• Why- blockage of the ducts by keratinous materials then secondary inflammation with chronic infection and draining abscess- bacterial pathogens include S. aureus, streptococci, E.Coli, and pseudomonas aerignosa. Predisposing factors are obesity and acne. Disease of terminal follicular apocrine glands
  • Where- typically involves axillae, anogenital region, and skin under the breasts
  • Diagnosis is clinical, based on characteristic features including typical lesions, location and chronicity. No biopsy required
  • Treatment- No cure; tx depends on severity. Therapies include topical and oral abx (1st line- tetracylcines), interlesional glucocorticoids, isotretinoin therapy and surgery (unroofing/ excisions or I&D) Psychosocial support important.


What is this?

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•An erythematous tender papule evolving to a crusted ulcer with raised, sharply demarcated margins.

•Tularemia, or "rabbit fever," is an acute infection caused by the gram-negative Francisella tularensis.

• especially common in rabbit hunters, agricultural workers, campers, sheep herders, and laboratory technicians.

•organism is transmitted by a small abrasion or puncture wound, ingestion of infected meat, inhalation, or from the bites of infected insects.

•Tularemia presents as 6 different clinical syndromes--ulceroglandular (most cases), oculoglandular, glandular, oropharyngeal, typhoidal, and pulmonary.

•produces a prodrome of headache, malaise, myalgia, high fever, pruritic papules, and lymphadenopathy. wild animals.

•Diagnostic Workup:

•Diagnosis is usually made on clinical grounds, especially in a patient with a confirmed history of animal/insect exposure along with systemic manifestations.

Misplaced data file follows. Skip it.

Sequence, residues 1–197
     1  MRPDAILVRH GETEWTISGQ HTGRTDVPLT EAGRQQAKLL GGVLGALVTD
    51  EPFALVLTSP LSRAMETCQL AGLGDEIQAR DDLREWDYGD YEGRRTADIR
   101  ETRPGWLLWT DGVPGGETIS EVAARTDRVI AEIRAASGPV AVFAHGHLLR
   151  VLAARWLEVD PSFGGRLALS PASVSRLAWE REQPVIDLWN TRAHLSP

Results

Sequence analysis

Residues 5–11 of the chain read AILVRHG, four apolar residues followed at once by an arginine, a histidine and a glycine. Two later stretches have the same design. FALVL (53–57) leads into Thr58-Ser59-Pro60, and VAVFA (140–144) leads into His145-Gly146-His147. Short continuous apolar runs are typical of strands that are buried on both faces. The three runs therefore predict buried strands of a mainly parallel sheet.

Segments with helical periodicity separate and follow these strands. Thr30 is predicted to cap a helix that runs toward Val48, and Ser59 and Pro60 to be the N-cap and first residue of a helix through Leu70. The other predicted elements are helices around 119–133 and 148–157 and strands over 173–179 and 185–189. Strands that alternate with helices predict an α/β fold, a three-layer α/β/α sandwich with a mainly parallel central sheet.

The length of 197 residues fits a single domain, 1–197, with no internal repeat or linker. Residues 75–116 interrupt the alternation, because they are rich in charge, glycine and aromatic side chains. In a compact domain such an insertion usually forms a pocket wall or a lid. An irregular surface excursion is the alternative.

•diagnosis can also be confirmed with serology, by demonstrating a fourfold rise in acute and convalescent antibody titers.

•Treatment: First-line therapy is Streptomycin, 1-2 grams/day for 7-10 afebrile days. Alternatives include Gentamycin, Tetracylcline, or Chloramphenicol but they have lower cure rates and higher relapse rates.

•Patients should also be advised to avoid drinking, bathing, swimming or working in untreated water where infection may be common among wild animals.


What is this?

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fly larvae protruding. same tx as Myiasis


What is this?

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Nodular sarcoidosis – rhinophymatous- Rhinophymatous nodular sarcoidosis. Diffuse enlargement of the nose with granulomatous infiltration resembling rhinophyma is present.


What is this?

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What is it? Sunburn

What does it look like? Blister formation on the skin, red

What does it feel like? Painful, hot to touch

When does it appear? hours after too much ultaviolet light from sunshine or artificial sources

How long does it last? Several days to fade

What can this cause? Increased sun exposure can lead to skin damage like wrinkles, rough spots, skin cancer

How is it treated? OTC pain relievers, like ibuprophen or naproxen. Corticosteroids help with itching. Moisturize peeling skin, do not break blisters as it will slow the healing process. Cover with gauze, if they break clean with soap and water and then an antibacterial cream. Aloe or hydrocortisone cream will also help.